India is the developing country
President Bill Clinton's
six-day tour to south Asia has brought attention to the world's second-largest country and largest democracy -- and for once, the focus is not just on India's nuclear rivalry with neighboring Pakistan. Many investors believe that attention on India's economy is long overdue.
Indeed, what is striking about the trip and the news it has produced is that it serves as a reminder how little attention the nation -- and particularly its economy -- receive most of the time. Think of dynamic emerging markets, and India just doesn't usually come to mind.
Instead, one is more likely to think of oxygen-starved Indian soldiers fighting their Pakistani counterparts over remote passes in the Kashmir Himalayas; mind-numbing poverty throughout much of the country -- and brilliant Indian software engineers who have emigrated to the U.S.
While it may be too early to speak of an "Indian miracle," the country's economy is showing clear signs of improving. After decades of state-controlled economic policy and limited integration with the rest of the world during the Cold War, a result of its friendship with the Soviet Union, India began lowering tariffs and easing central control on its economy in the late 1980s and early 1990s. As a result, the country's gross domestic product grew about 6% a year during the 1990s.
The country's economic outlook has been helped by the growth of the software industry, which, coincidentally, occurred just as the Indian government was reducing restrictions on the economy. India has become an important outsource nation for software development. Not all of the country's engineers have left for the U.S.
India was one of the few developing countries to escape the global financial crises of 1997 and 1998 largely unscathed. Ironically, India's immunity to this crises was a result of controls on foreign capital and relatively low levels of foreign investment, which meant there was not the panicked flight from the country that characterized other Asian nations.
India, however, did have some rough spots the last couple of years. The economy slowed, the market became bearish, the pace of reforms decelerated and, of course, India and Pakistan began their game of nuclear chicken.
Now, some investors think the tide has turned. Mark Madden, portfolio manager for the
Pioneer Emerging Markets Fund, and the
Pioneer Indo Asia Fund, saw "significant improvement" in the investment climate of India over the last six to 12 months.
Madden's Emerging Markets Fund is up 106% over the last year, while the Indo Asia Fund has risen 84%. The Indo Asia Fund morphed out of an earlier, all-India fund a couple of years ago, expanding into other nations in Asia.
"We thought a country fund was too narrow," says Madden. When Madden first entered India in 1993, however, restrictions -- including conducting all trades on paper and registering all trades -- slowed the process so much it made the market essentially illiquid.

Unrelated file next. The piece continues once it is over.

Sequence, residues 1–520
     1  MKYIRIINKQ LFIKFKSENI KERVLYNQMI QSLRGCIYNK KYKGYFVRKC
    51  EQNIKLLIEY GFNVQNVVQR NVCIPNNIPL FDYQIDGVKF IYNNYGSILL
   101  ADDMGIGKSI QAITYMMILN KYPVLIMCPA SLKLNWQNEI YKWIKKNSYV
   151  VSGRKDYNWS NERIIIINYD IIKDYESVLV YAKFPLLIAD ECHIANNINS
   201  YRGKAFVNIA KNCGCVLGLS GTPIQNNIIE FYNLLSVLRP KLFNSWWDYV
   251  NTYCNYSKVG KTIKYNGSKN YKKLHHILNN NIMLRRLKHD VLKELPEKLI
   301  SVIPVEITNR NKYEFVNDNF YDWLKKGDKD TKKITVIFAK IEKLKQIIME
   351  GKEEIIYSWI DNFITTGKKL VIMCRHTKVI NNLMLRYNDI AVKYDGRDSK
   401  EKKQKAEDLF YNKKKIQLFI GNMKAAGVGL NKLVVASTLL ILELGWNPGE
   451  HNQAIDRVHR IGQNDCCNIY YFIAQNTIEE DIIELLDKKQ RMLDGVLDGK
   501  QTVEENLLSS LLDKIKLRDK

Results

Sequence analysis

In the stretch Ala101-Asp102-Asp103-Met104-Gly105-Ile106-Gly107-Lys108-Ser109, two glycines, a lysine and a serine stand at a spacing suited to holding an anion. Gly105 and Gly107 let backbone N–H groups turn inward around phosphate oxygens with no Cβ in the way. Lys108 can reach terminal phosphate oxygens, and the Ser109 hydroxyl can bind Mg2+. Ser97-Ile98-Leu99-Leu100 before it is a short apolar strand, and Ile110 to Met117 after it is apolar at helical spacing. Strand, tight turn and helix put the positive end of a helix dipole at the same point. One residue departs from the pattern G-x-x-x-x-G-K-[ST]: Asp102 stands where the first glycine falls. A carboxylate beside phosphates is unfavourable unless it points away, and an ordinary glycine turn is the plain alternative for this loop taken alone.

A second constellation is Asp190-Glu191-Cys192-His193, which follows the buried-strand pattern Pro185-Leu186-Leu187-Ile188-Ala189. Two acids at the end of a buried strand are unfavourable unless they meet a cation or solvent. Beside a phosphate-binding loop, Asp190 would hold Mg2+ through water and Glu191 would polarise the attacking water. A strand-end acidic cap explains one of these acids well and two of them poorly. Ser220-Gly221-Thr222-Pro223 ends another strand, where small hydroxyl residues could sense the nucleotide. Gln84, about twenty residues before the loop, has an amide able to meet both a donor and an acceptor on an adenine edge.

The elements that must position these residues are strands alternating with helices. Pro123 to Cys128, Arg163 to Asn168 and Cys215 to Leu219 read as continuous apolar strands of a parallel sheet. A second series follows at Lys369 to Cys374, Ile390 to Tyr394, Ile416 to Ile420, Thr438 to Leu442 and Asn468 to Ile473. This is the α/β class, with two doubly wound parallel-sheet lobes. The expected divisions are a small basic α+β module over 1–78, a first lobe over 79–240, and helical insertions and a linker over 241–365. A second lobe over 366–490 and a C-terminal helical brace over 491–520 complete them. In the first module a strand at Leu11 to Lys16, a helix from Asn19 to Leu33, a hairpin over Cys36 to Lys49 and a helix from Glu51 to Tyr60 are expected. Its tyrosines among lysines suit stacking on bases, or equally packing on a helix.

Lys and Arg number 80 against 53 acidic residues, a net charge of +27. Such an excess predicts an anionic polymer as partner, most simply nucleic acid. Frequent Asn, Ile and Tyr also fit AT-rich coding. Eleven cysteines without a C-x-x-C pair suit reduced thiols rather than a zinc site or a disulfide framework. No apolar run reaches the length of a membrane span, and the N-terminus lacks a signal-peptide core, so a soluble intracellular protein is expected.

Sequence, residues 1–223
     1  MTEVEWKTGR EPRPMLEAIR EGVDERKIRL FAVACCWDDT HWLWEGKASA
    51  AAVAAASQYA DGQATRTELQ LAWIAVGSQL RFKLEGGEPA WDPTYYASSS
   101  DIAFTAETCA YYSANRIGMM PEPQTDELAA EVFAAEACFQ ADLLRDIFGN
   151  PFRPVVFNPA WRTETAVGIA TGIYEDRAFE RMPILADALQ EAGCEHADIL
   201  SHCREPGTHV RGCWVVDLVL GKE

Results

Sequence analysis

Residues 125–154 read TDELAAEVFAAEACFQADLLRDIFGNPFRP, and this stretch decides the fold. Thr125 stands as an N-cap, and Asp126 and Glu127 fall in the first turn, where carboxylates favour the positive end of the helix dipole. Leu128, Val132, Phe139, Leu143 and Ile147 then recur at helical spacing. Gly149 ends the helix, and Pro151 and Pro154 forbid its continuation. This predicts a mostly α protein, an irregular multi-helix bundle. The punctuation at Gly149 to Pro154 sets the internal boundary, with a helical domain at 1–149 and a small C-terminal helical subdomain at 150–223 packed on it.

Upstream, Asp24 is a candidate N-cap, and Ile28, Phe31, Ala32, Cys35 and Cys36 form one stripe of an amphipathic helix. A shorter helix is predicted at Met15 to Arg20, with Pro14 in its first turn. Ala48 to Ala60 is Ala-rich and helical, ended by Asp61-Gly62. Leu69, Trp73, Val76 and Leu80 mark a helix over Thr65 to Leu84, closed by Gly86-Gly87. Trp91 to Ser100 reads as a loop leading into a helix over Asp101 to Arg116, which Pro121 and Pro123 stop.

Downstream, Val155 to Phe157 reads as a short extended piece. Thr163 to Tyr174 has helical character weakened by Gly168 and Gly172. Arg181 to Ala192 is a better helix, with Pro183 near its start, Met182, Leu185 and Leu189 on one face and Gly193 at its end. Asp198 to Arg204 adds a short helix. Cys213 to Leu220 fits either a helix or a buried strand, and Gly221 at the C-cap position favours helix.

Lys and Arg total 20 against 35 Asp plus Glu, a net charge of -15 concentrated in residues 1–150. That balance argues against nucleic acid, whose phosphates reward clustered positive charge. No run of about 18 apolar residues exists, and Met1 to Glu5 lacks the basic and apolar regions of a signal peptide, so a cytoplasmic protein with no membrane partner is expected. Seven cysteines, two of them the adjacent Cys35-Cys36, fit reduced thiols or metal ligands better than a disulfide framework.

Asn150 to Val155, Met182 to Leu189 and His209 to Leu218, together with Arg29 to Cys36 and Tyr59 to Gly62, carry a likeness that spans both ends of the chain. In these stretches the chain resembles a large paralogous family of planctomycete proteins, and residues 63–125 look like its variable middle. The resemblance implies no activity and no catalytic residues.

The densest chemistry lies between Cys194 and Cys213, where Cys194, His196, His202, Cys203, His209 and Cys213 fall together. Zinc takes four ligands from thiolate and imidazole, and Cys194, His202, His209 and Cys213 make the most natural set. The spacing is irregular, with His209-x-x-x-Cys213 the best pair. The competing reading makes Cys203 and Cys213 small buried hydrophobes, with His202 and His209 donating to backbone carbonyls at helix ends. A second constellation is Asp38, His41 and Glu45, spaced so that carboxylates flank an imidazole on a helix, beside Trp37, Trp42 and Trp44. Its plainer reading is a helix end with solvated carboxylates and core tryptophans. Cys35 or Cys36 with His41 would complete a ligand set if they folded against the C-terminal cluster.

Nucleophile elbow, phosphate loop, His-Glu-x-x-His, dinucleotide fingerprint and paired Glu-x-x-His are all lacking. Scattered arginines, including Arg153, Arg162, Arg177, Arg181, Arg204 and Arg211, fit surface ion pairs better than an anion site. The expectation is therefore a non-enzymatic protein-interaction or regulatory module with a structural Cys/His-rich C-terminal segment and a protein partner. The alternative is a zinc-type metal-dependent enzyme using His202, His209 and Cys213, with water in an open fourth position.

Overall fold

Madden is bullish on India now. He believes the government is getting back on the right track with respect to reform, and the economy is picking up. (He can now make and register trades electronically.) Indeed, the benchmark
index has climbed 58% since an April 1999 low, although in the last few weeks, it has dropped 16% from a historic February high.
Madden's funds are overweight in India right now. The
Morgan Stanley Capital International Emerging Markets Index
gives India a 6% weight; the Pioneer funds are at around 14% to 16%.
For investors such as Madden, India is attractive both as a low-cost producer of high-priced, high-tech goods -- meaning profit margins are high -- and as a nation with a large and growing middle class. At 200 million people, India's middle class is the largest in the world, although the definition of what constitutes the middle class in a country such as India is a bit different than in the U.S.
Madden likes tech companies such as software firm
Satyam Computer Services
(not to be confused with its
-listed progeny, Internet service provider
). Infosys and Satyam have gone stratospheric, of course -- Infosys is up 1100% the last year; Satyam is up 712%.
Of the two, Infosys appears to be the favorite of most analysts. While its valuation is high, its profits have been rising. "Infosys is a very well-run company, even on a global basis," says Andrew Foster, assistant portfolio manager at the
Matthews Asian Technology Fund
Madden ventures from tech, however. He likes consumer loan lender
and pharmaceuticals such as
. He believes that, just as it has in the tech sector, India is poised to become a low-cost producer of drugs.
Despite its potential and the improved picture of India, the country has limited investment options. In addition to Infosys and Satyam, only one other Indian company, financial services provider
, which is up 177% the last year, is listed in this country.
While there are no all-India open-ended funds, there are three closed-ended funds: the
India Closed End Fund
, up 159% over the last year; the
India Growth Fund
, up 114%; and the
Morgan Stanley Dean Witter India
, up 100%.
India is plagued by few opportunities in which to invest and the threat of a war, with its neighbor Pakistan. Not exactly a formula for getting too excited about India. Still, the country is improving. Soon, it may take less than a presidential visit to bring attention to India.
David Kurapka's Global Portfolio column appears Wednesdays and Fridays on TSC. In keeping with TSC's editorial policy, he does not own shares in any companies or mutual funds mentioned in this column. He also doesn't invest in hedge funds or other private investment partnerships. He welcomes your feedback at